This Saturday, the last-ever Delta II rocket will blast off from Vandenberg Air Force in California carrying NASA’s ICESat-2 spacecraft to orbit. ICESat-2 follows up on a previous mission of the same name and carries a laser altimeter to map the planet's ice sheets. Launch is set for 8:10 a.m. EDT (12:10 UTC).
I love all rockets, but I have a special fondness for the Delta II. It was the first rocket I ever saw up close as a reporter, during a 2011 NASA Tweetup (now called NASA Social) for the launch of the Suomi NPP climate satellite. One of the rocket's many charms is its blue-green color, officially Delta Blue, chosen partially for aesthetics but to also help engineers spot ice forming on the fuel tanks. Vandenberg night launches are notorious for fog, but I fortunately got to see NPP blast off into starry skies. The rocket was visible for several minutes, all the way through solid rocket booster separation, and I remember seeing the boosters twinkle as they fell toward the Pacific Ocean.
This will be the rocket’s 155th flight since its 1989 debut. It has a military heritage dating all the way back to early Thor missiles, and many flights featured a shark’s mouth design on the upper stage mirroring ones used on Air Force planes. In its heyday, the Delta II was America’s workhorse rocket. It was used for everything from GPS flights to Mars missions. Its NASA resume includes the Spirit and Opportunity rovers, Kepler, Dawn, GRAIL, Mars Odyssey, and more. The rocket has only failed a couple times, most spectacularly in 1997 when a Delta II carrying a GPS satellite exploded shortly after liftoff, prompting a launch director to say "Boys, this is bad," and dive under a computer console.
Unfortunately, all good rockets must inevitably step aside for newer, more capable vehicles, and for Delta II, the end has been in sight for several years. The rocket's lift capacity is just 6.1 metric tons to low-Earth orbit, yet NASA still paid $96.6 million to launch ICESat-2 including payload processing services. A SpaceX Falcon 9 costs roughly the amount, but can lift spacecraft four times heavier.
The last Delta II to launch from Cape Canaveral was GRAIL in 2011; in July, the dual towers that supported Delta II launches there were demolished. That left just Space Launch Complex 2 at Vandenberg for Delta II flights to polar orbits.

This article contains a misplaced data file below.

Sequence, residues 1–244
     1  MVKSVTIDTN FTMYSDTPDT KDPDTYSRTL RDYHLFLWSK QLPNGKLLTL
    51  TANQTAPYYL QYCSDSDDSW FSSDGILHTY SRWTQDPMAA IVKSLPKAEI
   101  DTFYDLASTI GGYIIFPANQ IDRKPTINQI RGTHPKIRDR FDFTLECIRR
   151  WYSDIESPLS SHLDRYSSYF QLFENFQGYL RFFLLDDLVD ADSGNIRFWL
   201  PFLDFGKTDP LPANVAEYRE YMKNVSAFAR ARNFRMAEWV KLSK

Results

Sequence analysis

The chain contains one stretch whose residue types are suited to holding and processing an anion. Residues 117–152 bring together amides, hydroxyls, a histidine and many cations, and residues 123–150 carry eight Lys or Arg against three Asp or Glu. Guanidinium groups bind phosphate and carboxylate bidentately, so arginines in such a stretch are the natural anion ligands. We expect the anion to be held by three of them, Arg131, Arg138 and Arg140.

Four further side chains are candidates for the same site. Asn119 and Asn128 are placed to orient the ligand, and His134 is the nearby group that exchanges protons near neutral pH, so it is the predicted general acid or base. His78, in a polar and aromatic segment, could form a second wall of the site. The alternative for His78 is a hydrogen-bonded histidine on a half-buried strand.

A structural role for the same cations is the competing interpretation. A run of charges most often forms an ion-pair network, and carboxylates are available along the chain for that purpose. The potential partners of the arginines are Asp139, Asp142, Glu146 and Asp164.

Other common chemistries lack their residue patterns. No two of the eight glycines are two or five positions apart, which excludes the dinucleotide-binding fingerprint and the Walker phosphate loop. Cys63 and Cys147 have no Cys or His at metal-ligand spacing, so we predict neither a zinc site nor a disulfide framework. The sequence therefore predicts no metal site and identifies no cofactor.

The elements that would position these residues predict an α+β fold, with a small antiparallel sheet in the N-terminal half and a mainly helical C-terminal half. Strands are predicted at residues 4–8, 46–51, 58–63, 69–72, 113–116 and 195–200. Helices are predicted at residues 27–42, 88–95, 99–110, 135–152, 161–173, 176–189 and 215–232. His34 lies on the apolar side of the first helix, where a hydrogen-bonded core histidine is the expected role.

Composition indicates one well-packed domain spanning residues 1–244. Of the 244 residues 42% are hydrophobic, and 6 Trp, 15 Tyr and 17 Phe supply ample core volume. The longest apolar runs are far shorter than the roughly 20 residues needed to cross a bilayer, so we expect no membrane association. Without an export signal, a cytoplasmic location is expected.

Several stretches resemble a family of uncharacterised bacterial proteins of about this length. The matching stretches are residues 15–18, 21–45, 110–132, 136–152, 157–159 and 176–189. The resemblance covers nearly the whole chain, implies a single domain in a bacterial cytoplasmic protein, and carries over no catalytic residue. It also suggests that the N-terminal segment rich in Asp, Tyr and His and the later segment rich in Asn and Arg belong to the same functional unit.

ICESat-2 will only lift off after an operator physically clicks a mouse button as part of the launch sequence. I have known this quirky Delta II fact for a long time, but couldn't remember the reason, so I asked United Launch Alliance (ULA), which operates the rocket, for an explanation. The answer came from Bill Cullen, the director of launch operations for the company's upcoming Vulcan rocket. Cullen has worked on the Delta II program since the beginning. Here is his answer, lightly edited:
Yes, the Delta II engine start command is initiated by a console operator. The launch control system is 25 years old, and at the time this used a ‘person in the loop’ control which was preferred compared to the complexities of a fault-tolerant computer system. The more modern Delta IV and Atlas V launch control systems use modern, redundant computer systems to start the engines.
Cullen also described the mood at ULA counting down to the final launch:
The final Delta II mission is bringing the ULA team together like all launches. Being the last Delta II mission, ICESat-2 is extra special; the sense of pride in working on the last mission has permeated the whole team. While it is always a little sad to end an era, the team’s learning, teamwork, processes and mission focus live on in the enterprise.
There is apparently one more Delta II in stock that was not able to get matched with a payload. Right now it's on standby for spare parts, but ULA CEO Tory Bruno told Spaceflight Now it might eventually end up in a museum.
"For the last Delta II vehicle, leadership is still deciding what will happen over the long term,” said ULA spokesperson Heather Mowad in an email. "We’ll be able to share details soon."